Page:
Darling-Hammond & Richardson Teacher Learning

Darling-Hammond, L., & Richardson, N. (2009, February). Teacher learning: What matters?.  Educational Leadership, 46 - 53.

Summary: This article appeared in Educational Leadership. It is an article that briefly describes a review of the literature on effective professional development.

High-Quality Professional Development: A New Definition

  • Content: Centered on Student Learning

    • "The most useful professional development emphasizes active teacher, assessment, observation, and reflection rather than abstract discussions (Darling-Hammond & McLaughlin, 1995) (p. 47)."
    • "In a recent national survey (Garet, Porter, Desimone, Birman, & Yoon, 2001), teachers reported that their knowledge and skills grew and their practice changed when they received professional development that was coherent, focused on content knowledge, and involved active learning (p. 47)." (A survey is self-report data. What data is out there that shows alignment between this type of data and practice? Do we have it in SYP?)
  • Context: Integrated with School Improvement

    • "To avoid disparities between what teachers learn in professional development work and what they can actually implement in their classrooms, schools should seamlessly link curriculum, assessment, standards, and professional learning opportunities (p. 48)."
    • The literature suggests that effective professional development exists collaborative and collegial learning environments which the focus moves beyond individual classrooms to school-wide change (Darling-Hammond & McLaughlin, 1995; Hord, 1997; Knapp, 2003; Louis, Marks, & Kruse, 1996; Perez et al., 2007).
    • (In SYP - have we created a critical mass at PFE? What evidence would exist to show that we have a critical mass?)
  • Design: Active, Sustained Learning

    • "In a review of nine studies, Yoon, Duncan, Less, Scarloss, and Shapley (2007) found that sustained and intensive professional development was related to student achievement (p. 49)."
  • Professional Learning Communities: The New Paradigm
  • "Research Supports Professional Development That

    • Deepens teachers' knowledge of content and how to teach it to students.
    • Helps teachers understand how students learn specific content.
    • Provides opportunities for active, hands-on learning.
    • Enables teachers to acquire new knowledge, apply it to practice, and reflect on the results with colleagues.
    • Is part of a school reform effort that links curriculum, assessment, and standards to professional learning.
    • Is collaborative and collegial.
    • Is intensive and sustained over time. (p. 49)."
  • "Research Doe Not Support Professional Development That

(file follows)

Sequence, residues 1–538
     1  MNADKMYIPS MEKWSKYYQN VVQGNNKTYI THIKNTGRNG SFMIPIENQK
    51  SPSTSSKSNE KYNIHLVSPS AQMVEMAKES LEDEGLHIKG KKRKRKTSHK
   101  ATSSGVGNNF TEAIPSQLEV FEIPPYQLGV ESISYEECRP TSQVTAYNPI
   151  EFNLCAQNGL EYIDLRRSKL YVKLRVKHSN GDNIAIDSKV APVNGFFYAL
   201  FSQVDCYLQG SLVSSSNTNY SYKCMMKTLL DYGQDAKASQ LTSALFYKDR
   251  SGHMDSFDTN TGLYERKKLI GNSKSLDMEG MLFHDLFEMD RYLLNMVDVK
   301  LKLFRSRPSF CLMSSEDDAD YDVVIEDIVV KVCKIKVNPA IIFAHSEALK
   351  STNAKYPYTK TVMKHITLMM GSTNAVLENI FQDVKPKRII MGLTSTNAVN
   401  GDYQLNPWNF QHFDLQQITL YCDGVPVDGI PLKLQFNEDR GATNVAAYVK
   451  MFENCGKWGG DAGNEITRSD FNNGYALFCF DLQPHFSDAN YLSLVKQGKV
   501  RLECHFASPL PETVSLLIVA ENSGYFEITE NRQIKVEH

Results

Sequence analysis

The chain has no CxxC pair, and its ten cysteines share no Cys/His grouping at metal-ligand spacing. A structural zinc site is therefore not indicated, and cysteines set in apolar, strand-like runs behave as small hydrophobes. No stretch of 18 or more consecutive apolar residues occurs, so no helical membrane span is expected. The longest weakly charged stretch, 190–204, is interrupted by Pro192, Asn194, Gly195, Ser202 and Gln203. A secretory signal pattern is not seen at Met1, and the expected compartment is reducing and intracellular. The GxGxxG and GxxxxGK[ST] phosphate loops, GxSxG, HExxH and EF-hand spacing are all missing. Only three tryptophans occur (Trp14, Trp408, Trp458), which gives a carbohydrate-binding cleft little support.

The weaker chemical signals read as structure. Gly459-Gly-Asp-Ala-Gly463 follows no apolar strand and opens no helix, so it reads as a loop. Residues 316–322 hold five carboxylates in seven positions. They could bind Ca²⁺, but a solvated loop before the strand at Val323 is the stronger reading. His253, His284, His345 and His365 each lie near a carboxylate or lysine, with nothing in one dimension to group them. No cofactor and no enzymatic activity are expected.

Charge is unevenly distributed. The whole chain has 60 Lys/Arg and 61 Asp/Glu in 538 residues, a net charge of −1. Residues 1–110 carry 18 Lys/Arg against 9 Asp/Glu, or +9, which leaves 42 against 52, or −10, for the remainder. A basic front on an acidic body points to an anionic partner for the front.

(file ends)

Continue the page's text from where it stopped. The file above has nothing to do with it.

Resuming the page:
• Relies on the one-shot workshop model.
    • Focuses only on training teachers in new techniques and behaviors.
    • Is not related to teachers' specific contexts and curriculums.
    • Is episodic and fragmented.
    • Expects teachers to make changes in isolation and without support.
    • Does not provide sustained teacher learning opportunities over multiple days and weeks. (p. 49)."

The Old Paradigm

  • Conditions That Support Joint Work

    • "The human and social resources needed for professional community included supportive leadership, mutual respect steeped in strong professional knowledge, and a climate that invited risk taking and innovation (p. 50)."
    • "Like all professional development, a professional learning community's interactions should focus on improving instructional practice. To identify problems, group members must make their practice public to colleagues and take an inquiry stance (p. 50)."

The New Paradigm

  • "Research points to the effectiveness of sustained, job-embedded, collaborative teacher learning strategies (p. 52)."
  • "Current research suggests that providing intensive, content-rich, and collegial learning opportunities for teachers can improve both teaching and student learning (p. 52)."


  • Darling-Hammond, L., & McLaughlin, M. W. (1995). Policies that support professional development in an era of reform. Phi Delta Kappan, 76(8), 597 - 604.
  • Garet, M., Porter, A., Desimone, L., Birman, B., Yoon, K. (2001). What makes professional development effective? Results from a national sample of teachers. American Educational Research Journal, 38(4), 915-945.
  • Hord, S. (1997). Professional learning communities: Communities of continuous inquiry and improvement. Austin, TX: Southwest Educational Development Laboratory.
  • Knapp, M. S. (2003). Professional development as policy pathway. Review of Research in Education, 27(1), 109 - 157.
  • Louis, K S., Marks, H. M., & Kruse, S. (1996). Professional community in restructuring schools. American Educational Research Journal, 33, 757 - 798.
  • Perez, M., Anand, P., Speroni, C., Parrish, T., Esra, P., Socias, M., & Grubbins, P. (2007). Successful California schools in the context of educational adequacy. Washington, DC: American Institutes for Research.
  • Yoon, K. S., Duncan, T., Lee, S. W. Y., Scarloss, B., & Shapley, K. (2007). Reviewing the evidence on how teacher professional development affects student achievement (Issues and Answers Report, REL 2007 No. 033). Washington, DC: U.S. Department of Education, Regional Educational Laboratory Southwest.